The reason the N95 FFR TILPF is higher than the N95 FPF is likely due to the lower air flow through the N95 FFRs when conducting the total inward leakage test (resting breathing rate assumed to be 10 to 13 L/min  as compared to the nominal flow rate of 17 L/min for the aerosol swatch penetration tests. Protection levels obtained for individual fabric masks and disposable procedure masks compared to the N95 FFR are provided in S1 Table in S1 Appendix. Filter penetration (1/FPF), TILPF and total inward penetration data for each of the mask groups are provided in S2-S4 Tables in S1 Appendix, respectively.
Our study has clearly shown that there is a variation in the level of particle penetration through materials used in the construction of masks. Furthermore, our evaluation of the TILPF on masks actually worn by trained users demonstrated that mask fit with an effective face seal is far more important to reducing total inward leakage and protecting the wearer than the filtration efficiency of the material used in the construction of the mask. Adding additional filtering layers to cloth mask concepts did not improve the total inward leakage performance, nor did single higher filtration efficiency materials in procedure masks. We also highlight the same trend for KN95 masks: although material filtration efficiencies were on par with N95 FFR materials, the TILPF were substantially lower and did not meet the required TILPF level as certified for KN95 respirators when tested against our volunteer sample size.
4.1 Particulate penetration through mask fabrics
Filtration efficiencies of fabrics that may be incorporated into reusable cloth masks reported in the literature are highly variable. Zangmeister et al.  found minimum filtration efficiencies were <32% (penetration >68%) for a wide range of fabrics. These authors make the point that filtration efficiency is a complex interplay between fibre type, mass and how the fabric is made (weave, melt blown, or bonded). A systematic investigation by Drewnick et al.  of 44 fabrics observed filtration efficiencies varying from ~10% to ~80% (penetration from 20% to 90%). Rengasamy’s et al.  study saw filtration efficiencies for fabrics/materials from 10–60%. Shakya et al.  noted filtration efficiencies for fabrics from 40% to 80% (penetration from 20% to 80%). Hill et al.’s  study also demonstrated that homemade face coverings provided as-worn filtration efficiencies of 15–40% (fabric protection factors of 1.18 to 1.67). A recent study by Konda et al.  looked at the aerosol filtration efficiency of common fabrics used in homemade cloth masks using a particle size distribution from 0.01 μm to 6 μm, and the authors make several points in a response to the editor  that increasing mask area to improve protection will lead to diminishing returns because of the tendency for more gaps to occur where the mask contacts the face, and focusing on cloth filtration properties alone may be of limited use when gaps provide alternate penetration routes. Accordingly, the broad range of filtration efficiencies highlighted in the literature agrees well with our findings for fabric 2- and multi-layer masks.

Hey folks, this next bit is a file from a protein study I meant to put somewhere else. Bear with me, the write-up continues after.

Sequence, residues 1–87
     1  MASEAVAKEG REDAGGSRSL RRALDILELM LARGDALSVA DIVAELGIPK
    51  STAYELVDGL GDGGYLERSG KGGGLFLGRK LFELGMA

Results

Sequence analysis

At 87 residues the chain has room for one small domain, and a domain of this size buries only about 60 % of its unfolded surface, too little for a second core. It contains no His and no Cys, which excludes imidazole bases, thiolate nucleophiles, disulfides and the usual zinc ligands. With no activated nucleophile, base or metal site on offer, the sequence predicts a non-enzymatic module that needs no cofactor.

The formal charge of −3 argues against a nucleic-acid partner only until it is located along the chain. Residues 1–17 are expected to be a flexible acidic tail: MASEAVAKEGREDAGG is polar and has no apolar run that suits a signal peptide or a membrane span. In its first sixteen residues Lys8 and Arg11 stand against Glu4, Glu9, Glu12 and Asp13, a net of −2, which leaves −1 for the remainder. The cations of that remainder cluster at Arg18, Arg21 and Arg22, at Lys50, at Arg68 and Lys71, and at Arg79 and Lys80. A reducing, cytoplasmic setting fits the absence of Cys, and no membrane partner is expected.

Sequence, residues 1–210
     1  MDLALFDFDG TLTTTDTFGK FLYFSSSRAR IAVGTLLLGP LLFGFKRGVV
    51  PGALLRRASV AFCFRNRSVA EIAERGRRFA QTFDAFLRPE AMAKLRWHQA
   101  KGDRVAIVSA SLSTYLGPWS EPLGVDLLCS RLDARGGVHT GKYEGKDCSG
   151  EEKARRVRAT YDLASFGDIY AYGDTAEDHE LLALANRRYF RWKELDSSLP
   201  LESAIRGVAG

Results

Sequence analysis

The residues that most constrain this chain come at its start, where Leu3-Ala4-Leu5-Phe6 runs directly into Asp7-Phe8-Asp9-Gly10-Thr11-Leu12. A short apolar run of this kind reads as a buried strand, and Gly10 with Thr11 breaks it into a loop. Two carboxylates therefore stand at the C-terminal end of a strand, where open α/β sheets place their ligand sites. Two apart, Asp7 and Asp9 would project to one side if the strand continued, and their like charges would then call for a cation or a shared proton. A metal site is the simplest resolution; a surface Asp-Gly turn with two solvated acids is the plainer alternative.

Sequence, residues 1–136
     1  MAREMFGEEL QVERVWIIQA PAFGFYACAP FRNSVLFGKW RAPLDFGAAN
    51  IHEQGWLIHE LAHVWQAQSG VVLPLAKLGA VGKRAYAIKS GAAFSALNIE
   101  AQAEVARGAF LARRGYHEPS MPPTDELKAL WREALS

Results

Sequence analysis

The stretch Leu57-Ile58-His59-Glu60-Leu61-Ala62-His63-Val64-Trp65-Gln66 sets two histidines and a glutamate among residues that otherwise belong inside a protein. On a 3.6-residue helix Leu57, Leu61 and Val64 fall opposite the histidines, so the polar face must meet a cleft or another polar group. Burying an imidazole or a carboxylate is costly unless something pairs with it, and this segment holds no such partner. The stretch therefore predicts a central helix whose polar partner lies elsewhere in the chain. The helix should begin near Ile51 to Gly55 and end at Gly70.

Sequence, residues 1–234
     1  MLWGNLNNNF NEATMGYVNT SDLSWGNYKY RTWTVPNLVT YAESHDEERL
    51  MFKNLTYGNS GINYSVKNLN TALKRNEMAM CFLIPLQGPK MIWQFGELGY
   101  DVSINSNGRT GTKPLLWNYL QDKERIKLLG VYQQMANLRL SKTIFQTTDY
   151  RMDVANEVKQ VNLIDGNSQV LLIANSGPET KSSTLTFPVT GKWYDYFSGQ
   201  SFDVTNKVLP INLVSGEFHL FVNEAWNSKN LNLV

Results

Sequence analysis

The maximum mean penetration for the materials in each mask group varied from 91.9% through the fabric 2-layer group to as low as 2.28% through the KN95 mask group (see Figs 4–8). The geometric mean FPF of common apparel materials used in 2-layer mask was 1.78 (GSdev 0.54). The geometric mean FPF for the multi-layer mask group was higher at 3.61 (GSdev 2.58), as expected with the addition of a third filtering layer, but more variable reflecting the differences in filtration efficiency of the layers considered in this study. Indeed, the range in filtration efficiency could be far greater in multi-layer masks employed by the public than we observed due to the many options that could be considered for a third filtering layer. Overall particle penetration through these two mask groups was 56.3% for the fabric 2-layer mask materials and 28% for the multi-layer mask materials.
Disposable procedure mask materials provide higher filtration efficiency, affording a geometric mean FPF of 9.73 (GSdev 1.60), corresponding to 10% penetration. Davies et al.  measured the filtration efficiency of a surgical mask at 90%-95%, similar to our results. Not surprisingly, filtering materials used in N95 FFRs and KN95 masks were superior to the filtering materials used in the other mask groups with a geometric mean FPF of 69.8 (GSdev 2.23) and 144.5 (GSdev 1.71) respectively, reducing aerosol penetration over the entire particle distribution to 1.4% and 0.7%. Thus, these mask types with high filtration efficiency materials are on average ~45 to 80 times more effective at removing particulates from an air stream than the fabric 2-layer materials and ~8 to 15 times more effective than the disposable procedure mask materials.
4.1.1 Penetrated particle number and pathogen exposure.